The Art of Control System Design
© Doug Johnson, WRD, 11/20/02
The problem is... no two applications should have
the exact same control system. Industries, machines, and intended
users, are all different and one of the goals of the system designer
is to deal with the differences and provide results that are "intuitive".
Most control systems address these differences by using "off
the shelf" circuit boards and modules that can be configured
in different ways. What if the application really needs something
that isn't available off the shelf? What if your "vision"
and creative inspiration yields a solution that surpasses the current
state of the art, but there is no "module" that does what
Architecting a control system for an application is as much an art
as a science. Simple applications (i.e. temperature control) require
less artistic input, but multi-function applications have complex
interactions that must be managed by the control in a consistent,
easy to understand manner. This is where artistic vision can have
a huge impact and create the illusion of simplicity to something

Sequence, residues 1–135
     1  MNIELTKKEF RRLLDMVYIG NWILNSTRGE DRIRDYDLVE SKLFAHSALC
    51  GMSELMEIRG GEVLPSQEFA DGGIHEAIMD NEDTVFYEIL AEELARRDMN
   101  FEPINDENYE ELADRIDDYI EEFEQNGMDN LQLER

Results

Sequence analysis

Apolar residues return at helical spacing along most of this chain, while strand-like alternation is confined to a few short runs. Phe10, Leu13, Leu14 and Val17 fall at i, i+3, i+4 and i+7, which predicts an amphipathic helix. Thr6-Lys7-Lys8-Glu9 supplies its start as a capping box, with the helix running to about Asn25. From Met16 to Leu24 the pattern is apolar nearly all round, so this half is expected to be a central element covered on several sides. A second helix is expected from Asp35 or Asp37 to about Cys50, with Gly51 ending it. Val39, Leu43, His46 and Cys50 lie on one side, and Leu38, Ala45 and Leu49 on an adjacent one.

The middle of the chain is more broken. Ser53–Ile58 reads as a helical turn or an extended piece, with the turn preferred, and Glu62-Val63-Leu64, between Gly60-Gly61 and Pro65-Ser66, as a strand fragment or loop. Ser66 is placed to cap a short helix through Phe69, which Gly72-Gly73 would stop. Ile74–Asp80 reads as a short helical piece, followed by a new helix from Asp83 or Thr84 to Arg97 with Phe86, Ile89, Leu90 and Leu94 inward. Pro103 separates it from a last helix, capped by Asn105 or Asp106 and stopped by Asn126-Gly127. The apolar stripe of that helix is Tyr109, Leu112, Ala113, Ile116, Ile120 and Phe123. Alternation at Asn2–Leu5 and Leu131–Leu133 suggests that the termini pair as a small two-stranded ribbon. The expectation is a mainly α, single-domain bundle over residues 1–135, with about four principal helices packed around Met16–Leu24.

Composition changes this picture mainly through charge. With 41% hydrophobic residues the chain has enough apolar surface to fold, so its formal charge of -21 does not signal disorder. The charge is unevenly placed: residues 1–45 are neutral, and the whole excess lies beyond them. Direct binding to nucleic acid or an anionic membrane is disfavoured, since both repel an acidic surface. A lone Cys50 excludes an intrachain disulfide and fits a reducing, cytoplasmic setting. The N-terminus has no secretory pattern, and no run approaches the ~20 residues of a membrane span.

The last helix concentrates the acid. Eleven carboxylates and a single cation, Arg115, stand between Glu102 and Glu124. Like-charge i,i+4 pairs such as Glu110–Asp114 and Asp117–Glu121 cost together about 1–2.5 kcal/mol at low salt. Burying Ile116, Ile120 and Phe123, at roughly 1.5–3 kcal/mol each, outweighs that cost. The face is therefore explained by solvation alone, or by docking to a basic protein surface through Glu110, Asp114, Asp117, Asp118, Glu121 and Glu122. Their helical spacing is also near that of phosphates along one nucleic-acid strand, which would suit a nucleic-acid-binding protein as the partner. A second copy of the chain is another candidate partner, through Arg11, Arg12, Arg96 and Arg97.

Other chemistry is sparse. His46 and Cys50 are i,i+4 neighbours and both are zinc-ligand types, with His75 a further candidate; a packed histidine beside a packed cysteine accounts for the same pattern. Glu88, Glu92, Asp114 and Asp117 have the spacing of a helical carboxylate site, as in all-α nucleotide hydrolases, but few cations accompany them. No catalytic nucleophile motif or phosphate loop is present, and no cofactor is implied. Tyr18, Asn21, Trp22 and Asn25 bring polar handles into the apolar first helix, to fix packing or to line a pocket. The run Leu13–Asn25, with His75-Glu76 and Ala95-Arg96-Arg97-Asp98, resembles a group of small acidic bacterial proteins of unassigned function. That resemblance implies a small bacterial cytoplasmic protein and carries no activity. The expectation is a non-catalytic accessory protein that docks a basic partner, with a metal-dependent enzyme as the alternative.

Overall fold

that is inherently complex.
Unfortunately, artistry and engineering rarely come together. Think
again about the "off the shelf" control components that
are available and you'll see that they are all about "function"
and "technology". These are critical issues to be sure,
but the artist in me says that "how" the control is applied
and used, is more important. In other words, the "function"
and "technology" should be flexible, and subservient to
the "form" of the implementation.
This is one of the fundamental ways that
ProductMaker is different from other control systems. The "function"
and "technology" have been designed to be virtually invisible
to the designer, relieving him of the underlying complexity, yet
they remain flexible, allowing him to concentrate on the "form"
of the implementation. This is further augmented by the "development
platform" nature of ProductMaker
whose intended purpose facilitates "custom" packaging
thus allowing the designer to "free his mind" beyond the
constraints of "off the shelf" components, and allowing
artistry and creativity to take place.